As another Costume day at school dawns, you find me frantically putting finishing touches to the outfit and dressing the Tudor girl. Costume day has sometimes been a royal pain in the proverbial (particularly back in the days when you were only given about a week’s notice to frantically knock out a suitable period outfit), but on this occasion (and despite being very busy) I’ve loved it. Tudor is one of my favourite clothing periods (along with Medieval and Victorian) as it has such a variety of sumptuous loveliness and lots of interesting underpinnings and accessories. DD and I had lots of fun making and stuffing the bum roll and selecting pearls, trims and fabrics for the outfit. Sadly, I didn’t have time to make her a penner for her quill and ink, but we managed the rest of the outfit just about in time.
Here are some pics:
From my own professional viewpoint, this was a useful exercise in constructing Tudor underpinnings and accessories with the aid of The Tudor Tailor and a myriad of other costume books.
Sadly, despite my copy being hot off the press (and signed), The Tudor Child arrived too late to contribute more than the information that children often wore bags rather than veils on their French Hoods, presumably for practical reasons. If I’d had the book sooner, I would have been tempted by the sumptuous purple and gold Princess Elizabeth costume and even the more everyday schoolgirl outfit, but these are definitely projects to be pencilled in for the future (DD does love dressing up). I will now be adding farthingales and bum rolls to my repertoire (and stock) and also French hoods. I would very much have liked to make a ruff, but time was limited and I did not have suitable fabric in stock.
* Alright, so this last pic isn’t part of the outfit, but DD informed me that they were having a Tudor feast, so we decided to make some something from a Tudor cookbook. See the recipe below.
To make peascods in Lent.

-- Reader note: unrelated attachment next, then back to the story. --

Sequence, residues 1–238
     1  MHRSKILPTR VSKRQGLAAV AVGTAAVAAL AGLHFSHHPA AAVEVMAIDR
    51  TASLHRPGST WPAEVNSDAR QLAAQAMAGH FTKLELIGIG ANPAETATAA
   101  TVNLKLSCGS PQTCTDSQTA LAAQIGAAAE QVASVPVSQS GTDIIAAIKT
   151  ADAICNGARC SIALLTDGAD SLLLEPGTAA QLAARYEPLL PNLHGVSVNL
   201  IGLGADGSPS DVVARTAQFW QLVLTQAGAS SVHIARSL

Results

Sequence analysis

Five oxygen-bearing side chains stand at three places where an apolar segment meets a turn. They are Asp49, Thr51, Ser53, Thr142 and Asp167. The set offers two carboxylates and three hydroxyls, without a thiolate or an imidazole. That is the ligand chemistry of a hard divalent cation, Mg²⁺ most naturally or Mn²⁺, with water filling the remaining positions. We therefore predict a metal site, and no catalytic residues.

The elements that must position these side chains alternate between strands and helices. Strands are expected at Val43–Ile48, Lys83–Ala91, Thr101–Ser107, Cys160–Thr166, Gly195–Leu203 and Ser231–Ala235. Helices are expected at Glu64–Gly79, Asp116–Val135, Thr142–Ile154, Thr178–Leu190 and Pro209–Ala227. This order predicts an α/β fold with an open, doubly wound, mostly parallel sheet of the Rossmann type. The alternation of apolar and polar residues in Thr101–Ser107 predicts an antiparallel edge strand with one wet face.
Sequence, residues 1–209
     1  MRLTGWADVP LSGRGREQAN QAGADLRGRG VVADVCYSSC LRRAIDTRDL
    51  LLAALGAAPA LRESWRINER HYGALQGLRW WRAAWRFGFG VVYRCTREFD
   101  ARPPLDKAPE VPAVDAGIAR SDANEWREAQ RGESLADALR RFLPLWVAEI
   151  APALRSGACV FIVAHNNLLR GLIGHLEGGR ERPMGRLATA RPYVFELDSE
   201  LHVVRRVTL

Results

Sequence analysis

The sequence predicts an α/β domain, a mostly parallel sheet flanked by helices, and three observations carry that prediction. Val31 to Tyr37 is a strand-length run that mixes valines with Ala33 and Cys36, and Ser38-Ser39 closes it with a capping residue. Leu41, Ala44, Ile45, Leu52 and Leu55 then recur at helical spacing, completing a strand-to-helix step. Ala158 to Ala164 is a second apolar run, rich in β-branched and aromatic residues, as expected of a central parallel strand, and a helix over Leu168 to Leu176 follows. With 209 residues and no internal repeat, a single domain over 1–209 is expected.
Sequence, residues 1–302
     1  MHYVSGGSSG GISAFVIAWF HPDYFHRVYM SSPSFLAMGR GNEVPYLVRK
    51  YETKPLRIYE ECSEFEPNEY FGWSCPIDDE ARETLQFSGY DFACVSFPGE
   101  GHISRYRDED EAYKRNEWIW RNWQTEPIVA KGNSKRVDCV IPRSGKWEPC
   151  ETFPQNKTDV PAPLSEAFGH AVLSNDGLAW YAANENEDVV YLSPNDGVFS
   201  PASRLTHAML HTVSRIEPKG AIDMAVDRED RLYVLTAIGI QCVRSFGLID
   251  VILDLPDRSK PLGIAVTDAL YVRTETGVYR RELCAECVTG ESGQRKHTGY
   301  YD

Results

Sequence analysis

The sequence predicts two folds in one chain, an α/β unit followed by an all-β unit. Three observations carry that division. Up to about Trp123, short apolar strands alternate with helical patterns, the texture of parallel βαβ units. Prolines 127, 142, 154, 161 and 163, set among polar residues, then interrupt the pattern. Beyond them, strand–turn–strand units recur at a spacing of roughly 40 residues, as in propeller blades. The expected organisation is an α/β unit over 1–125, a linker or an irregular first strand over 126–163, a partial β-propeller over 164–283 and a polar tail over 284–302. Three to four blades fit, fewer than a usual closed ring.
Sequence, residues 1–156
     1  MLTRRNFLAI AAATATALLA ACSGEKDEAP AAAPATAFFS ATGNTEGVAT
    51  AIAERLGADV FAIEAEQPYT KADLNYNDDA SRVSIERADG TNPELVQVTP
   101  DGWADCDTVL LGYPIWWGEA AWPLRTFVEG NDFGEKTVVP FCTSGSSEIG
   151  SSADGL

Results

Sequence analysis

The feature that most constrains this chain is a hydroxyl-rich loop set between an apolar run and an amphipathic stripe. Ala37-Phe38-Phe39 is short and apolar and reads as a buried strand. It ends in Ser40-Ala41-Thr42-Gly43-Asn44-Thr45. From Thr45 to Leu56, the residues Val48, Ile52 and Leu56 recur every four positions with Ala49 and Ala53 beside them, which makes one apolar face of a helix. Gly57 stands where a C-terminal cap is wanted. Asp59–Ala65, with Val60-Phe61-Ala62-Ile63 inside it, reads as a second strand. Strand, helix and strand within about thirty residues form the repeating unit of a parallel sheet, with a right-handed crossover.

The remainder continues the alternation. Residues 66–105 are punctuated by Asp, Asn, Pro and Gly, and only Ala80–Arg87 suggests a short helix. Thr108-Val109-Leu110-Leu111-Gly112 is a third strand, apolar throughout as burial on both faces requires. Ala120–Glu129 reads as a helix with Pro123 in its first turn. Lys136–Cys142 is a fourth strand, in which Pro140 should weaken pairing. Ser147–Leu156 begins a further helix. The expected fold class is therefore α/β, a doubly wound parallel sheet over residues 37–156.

Take Figs, Raisons, and a few Dates, and beate them very fine, and season it with Cloues, Mace, Cinamon and Ginger, and for your paste seeth faire Water and oyle in a dish vppon coales, put therein saffron and salt and a little flower, fashion them then like peasecods, and when ye will serue them, frye them in Oyle in a frying panne, but let the Oyle bee verie hotte, and the fire soft for burning of them, and when yee make them for fleshe dayes, take a fillet of veale and mince it fine, and put the yolkes of two or three rawe egges to it, and season it with pepper, salt, cloues, mace, ho-nie, suger, cinamon, ginger, small raisons, or great minced, and for your paste, butter, the yolke of an egge, and season them, and frye them in butter as yee did the other in oyle.
The Good Huswifes Jewell, Thomas Dawson 1596
This is probably not the kind of recipe that you are accustomed to: no weights and measures and some hefty assumptions about your pastry-making skills, but do not despair, I have translated it for you. We will ignore the references to veal since it is both a Friday and Lent, so most definitely not a ‘fleshe’ day 🙂
If you have made any kind of stuffed dumpling (pierogi, gyoza, etc) then the stuffing process be familiar to you and if you’ve ever made a proper pork pie, the pastry will be a doddle as well.
For the filling:
In a food processor whizz up dried figs, raisins and a few dates together with ground cloves, mace, cinnamon and ginger to make a coarse paste (or bash them up in a pestle and mortar if you want to do it the hard way). If your fruit is very dry, add a little apple juice. I’m afraid I didn’t weigh the fruit, but I used about a dozen each of figs and stoned dates and a generous handful of raisins, enough to fill my mini chopper. The precise blend of spices is a matter of taste. Cloves have quite a strong flavour, but they were hugely popular in Tudor cuisine, so don’t be too sparing.
For the hot water pastry:
250g plain flour
100ml boiling water
a saffron strand
Sift the flour with the salt. Mix the water, saffron and oil then work into the flour gradually to make a loose dough. You can whizz it up in a food processor if you prefer. Work the dough into a ball. (You can omit the saffron if you have none – I must admit that I forgot to include it in my peascods)
This is the method I used, but with hindsight it occurred to me that the original recipe describes something rather more similar to the first stage of Choux pastry, so I will try the following method next time and if you choose this, please let me know the results.
Bring the water and oil to the boil in a saucepan together with the saffron and salt. Remove from the heat and tip in all the flour at once. Beat with a wooden spoon until a ball of dough has formed. Allow to cool slightly.
On a floured surface, roll out your dough fairly thinly while it is still warm and pliable (it will stiffen as it cools). Cut out rounds with a glass or round cutter and roll into an oval shape. Put a teaspoon of filling along the centre of the oval, seal the edges (smear a little milk onto the edges to help it stick if necessary) and fold the sealed edge over to make a pea pod (peascod) shape.
Heat oil in a pan until fairly hot then turn down the heat slightly. Fry the peascods lightly on all sides until golden brown. They cook very quickly so be careful not to burn them. Drain on kitchen paper and serve warm or cold.